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Interaction of adolescent aspirations and self-control on wellbeing in old age: evidence from a six-decade longitudinal UK birth cohort

Yamasaki, S., Nishida, A., Ando, S., Murayama, K., Hiraiwa-Hasegawa, M., Kasai, K. and Richards, M. (2020) Interaction of adolescent aspirations and self-control on wellbeing in old age: evidence from a six-decade longitudinal UK birth cohort. Journal of Positive Psychology. ISSN 1743-9779 (In Press)

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Abstract/Summary

Adolescent self-control is important for the pursuit of long-term goals and predicts later outcomes, but motivating self-control is essential for subjective wellbeing throughout life. We investigated long-term implications of the interaction between adolescent aspirations and self-control on subjective wellbeing in early old age. We analysed longitudinal population-based birth cohort data spanning 60 years. Data from 1,727 participants, which were drawn from the 1946 British birth cohort, were analysed. Teachers assessed self-control and mental health in participants aged 13–15, and participants prioritised their intrinsic and extrinsic aspirations at 16. At age 60–64 years, subjective wellbeing was self-reported using the Satisfaction with Life Scale. Results revealed a significant interaction between adolescent aspirations and self-control on life satisfaction in early old age. Among adolescents with self-control problems, higher intrinsic aspirations predicted better life satisfaction. Thus, for adolescents with self-control problems, intrinsic aspirations-oriented educational and psychological approaches may improve later life satisfaction.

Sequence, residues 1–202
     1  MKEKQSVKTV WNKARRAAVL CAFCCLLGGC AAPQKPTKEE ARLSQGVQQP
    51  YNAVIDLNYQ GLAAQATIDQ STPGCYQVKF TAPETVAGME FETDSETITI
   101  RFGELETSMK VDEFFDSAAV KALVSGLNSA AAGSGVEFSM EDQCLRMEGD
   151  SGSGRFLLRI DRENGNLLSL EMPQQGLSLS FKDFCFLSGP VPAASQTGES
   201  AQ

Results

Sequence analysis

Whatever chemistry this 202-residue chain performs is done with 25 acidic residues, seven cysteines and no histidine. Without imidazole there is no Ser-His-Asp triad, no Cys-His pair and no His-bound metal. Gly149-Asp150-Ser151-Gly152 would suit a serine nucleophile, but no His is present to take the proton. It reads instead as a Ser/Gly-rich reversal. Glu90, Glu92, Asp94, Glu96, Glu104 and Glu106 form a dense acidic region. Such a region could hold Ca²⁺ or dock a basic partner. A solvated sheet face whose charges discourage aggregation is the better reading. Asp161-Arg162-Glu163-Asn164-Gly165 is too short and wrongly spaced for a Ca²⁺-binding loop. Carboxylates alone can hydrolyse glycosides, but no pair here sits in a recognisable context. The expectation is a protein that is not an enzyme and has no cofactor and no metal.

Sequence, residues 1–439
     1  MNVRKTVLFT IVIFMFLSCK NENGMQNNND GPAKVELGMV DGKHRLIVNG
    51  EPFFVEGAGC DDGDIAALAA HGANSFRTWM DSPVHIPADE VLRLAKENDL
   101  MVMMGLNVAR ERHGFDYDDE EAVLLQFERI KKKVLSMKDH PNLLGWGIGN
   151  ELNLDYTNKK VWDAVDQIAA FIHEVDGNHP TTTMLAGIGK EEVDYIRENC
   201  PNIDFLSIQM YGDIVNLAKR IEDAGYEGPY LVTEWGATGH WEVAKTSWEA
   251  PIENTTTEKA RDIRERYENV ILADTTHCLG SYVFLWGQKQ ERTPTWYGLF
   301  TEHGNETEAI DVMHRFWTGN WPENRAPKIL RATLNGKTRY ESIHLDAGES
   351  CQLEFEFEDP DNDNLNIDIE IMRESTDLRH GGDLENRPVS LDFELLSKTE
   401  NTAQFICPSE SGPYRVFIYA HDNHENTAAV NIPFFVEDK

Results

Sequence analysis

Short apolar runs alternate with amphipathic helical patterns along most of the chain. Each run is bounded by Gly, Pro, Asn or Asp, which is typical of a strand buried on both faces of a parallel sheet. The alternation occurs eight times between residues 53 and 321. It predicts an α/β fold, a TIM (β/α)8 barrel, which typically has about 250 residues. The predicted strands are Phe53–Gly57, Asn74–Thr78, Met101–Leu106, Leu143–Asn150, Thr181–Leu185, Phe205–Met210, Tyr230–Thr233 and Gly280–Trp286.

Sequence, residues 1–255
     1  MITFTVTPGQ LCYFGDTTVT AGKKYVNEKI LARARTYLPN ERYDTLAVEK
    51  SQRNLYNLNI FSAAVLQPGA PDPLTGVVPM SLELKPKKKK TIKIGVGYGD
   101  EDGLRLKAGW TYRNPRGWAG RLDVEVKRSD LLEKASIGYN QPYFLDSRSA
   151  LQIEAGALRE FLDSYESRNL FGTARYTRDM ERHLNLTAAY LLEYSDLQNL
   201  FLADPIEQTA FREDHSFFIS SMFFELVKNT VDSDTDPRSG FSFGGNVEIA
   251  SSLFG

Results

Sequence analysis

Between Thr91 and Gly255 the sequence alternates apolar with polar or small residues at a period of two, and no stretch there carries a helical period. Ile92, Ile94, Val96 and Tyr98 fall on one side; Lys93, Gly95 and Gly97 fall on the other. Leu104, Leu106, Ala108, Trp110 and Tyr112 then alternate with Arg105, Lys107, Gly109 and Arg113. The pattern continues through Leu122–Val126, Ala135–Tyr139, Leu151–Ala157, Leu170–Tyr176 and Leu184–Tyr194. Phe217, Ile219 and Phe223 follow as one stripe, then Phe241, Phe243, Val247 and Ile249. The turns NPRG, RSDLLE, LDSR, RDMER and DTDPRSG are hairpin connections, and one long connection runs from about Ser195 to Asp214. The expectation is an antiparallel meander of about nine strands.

Item Type:Article
Refereed:Yes
Divisions:Faculty of Life Sciences > School of Psychology and Clinical Language Sciences > Department of Psychology
ID Code:92103
Publisher:Taylor & Francis

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